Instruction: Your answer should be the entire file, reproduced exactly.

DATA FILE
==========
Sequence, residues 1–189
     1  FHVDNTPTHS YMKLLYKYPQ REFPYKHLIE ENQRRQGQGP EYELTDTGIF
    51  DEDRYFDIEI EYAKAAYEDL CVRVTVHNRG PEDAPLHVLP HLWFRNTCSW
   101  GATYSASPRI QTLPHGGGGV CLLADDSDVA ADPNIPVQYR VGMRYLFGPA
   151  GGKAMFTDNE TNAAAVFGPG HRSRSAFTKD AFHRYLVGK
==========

Sequence, residues 1–189
     1  FHVDNTPTHS YMKLLYKYPQ REFPYKHLIE ENQRRQGQGP EYELTDTGIF
    51  DEDRYFDIEI EYAKAAYEDL CVRVTVHNRG PEDAPLHVLP HLWFRNTCSW
   101  GATYSASPRI QTLPHGGGGV CLLADDSDVA ADPNIPVQYR VGMRYLFGPA
   151  GGKAMFTDNE TNAAAVFGPG HRSRSAFTKD AFHRYLVGK